No, and I don't think there is any reason to go "wider" than 16:9 other than to allow display manufacturers to reduce screen real estate while they can still quote big sizes that are measured by a single diagonal measurement.Civuck said:Will there ever be aspect-ratio harmony in the world of the moving image?
Even if they can make it, the beam focus on the edges outside the 16:9 area can not be resolved unless the depth of the TV is deeper than the width of the TV. Furthermore, the time taken for the beam to travel left-right from top to bottom was an issue.Structural integrity of a 21:9 crt tube was also an issue.
They started earlier than us (also in Asia) but 16:9 penetration is taking much longer time than us. I bought my 20" 16:9 Sony Trinitron CRT back in 1996 from Singapore but strangely enough you still can buy a LOT of mid-level 4:3 TVs (most being CRT) today in South East Asia.I had always thought Europe had adopted 16:9 sets for a very long time now - well before North America did.
It was also chosen over other ratios because within a perfect circle, a 16:9 rectangle is the best balance between height and width. That's why it's supported by SMPTE and was/is being applied in Europe under the 16:9 action plan.16:9 was chosen for HDTV because during it's standardization time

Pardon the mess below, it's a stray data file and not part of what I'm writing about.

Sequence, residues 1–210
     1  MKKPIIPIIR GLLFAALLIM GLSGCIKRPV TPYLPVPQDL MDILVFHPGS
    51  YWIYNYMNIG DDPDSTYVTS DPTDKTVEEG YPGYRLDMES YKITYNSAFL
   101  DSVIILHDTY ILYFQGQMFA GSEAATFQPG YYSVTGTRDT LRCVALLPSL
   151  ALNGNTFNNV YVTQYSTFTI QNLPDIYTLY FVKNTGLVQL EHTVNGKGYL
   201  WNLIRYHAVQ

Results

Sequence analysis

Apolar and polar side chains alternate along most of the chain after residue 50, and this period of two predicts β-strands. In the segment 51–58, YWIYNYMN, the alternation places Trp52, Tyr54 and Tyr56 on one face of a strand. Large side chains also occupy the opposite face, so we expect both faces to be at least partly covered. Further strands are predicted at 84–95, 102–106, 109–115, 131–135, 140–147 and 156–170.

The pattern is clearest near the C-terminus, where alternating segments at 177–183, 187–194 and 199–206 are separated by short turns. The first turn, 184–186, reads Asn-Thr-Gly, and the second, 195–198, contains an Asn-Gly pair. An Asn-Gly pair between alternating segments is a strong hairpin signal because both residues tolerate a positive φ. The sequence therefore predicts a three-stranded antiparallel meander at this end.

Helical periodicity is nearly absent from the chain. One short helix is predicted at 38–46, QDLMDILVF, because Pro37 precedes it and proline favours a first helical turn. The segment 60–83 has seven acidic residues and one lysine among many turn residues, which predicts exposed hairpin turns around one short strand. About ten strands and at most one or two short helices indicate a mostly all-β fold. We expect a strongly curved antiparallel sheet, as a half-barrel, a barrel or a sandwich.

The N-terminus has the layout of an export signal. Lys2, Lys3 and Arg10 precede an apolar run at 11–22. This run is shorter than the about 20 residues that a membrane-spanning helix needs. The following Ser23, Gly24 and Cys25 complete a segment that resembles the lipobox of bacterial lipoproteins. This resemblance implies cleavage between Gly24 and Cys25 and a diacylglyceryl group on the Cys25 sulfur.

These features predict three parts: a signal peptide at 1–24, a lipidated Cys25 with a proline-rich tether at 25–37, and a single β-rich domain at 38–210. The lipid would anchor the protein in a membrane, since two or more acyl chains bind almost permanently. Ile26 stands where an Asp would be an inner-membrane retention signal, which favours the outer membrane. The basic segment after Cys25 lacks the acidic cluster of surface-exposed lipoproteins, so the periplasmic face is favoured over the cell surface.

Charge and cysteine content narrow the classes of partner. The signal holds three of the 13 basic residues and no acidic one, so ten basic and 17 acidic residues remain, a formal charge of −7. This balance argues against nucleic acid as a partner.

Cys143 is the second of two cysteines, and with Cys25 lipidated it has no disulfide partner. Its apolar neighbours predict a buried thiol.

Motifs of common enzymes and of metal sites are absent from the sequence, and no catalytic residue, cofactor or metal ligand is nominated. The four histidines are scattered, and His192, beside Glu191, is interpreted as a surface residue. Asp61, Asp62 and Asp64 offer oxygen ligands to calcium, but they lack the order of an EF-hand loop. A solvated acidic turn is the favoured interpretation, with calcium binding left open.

Most of Europe converted all their channels to 16:9 in the late 90s-late 2000s, though some countries like Serbia and Italy is still in the process. Australia and NZ did it in 2000-2001.
Although I've read that, I don't buy it for a second because the perfect balance between height and width within a perfect circle is 1:1 ratio. Furthermore, any AR can fit within a perfect circle depending on the size.It was also chosen over other ratios because within a perfect circle, a 16:9 rectangle is the best balance between height and width. That's why it's supported by SMPTE and was/is being applied in Europe under the 16:9 action plan.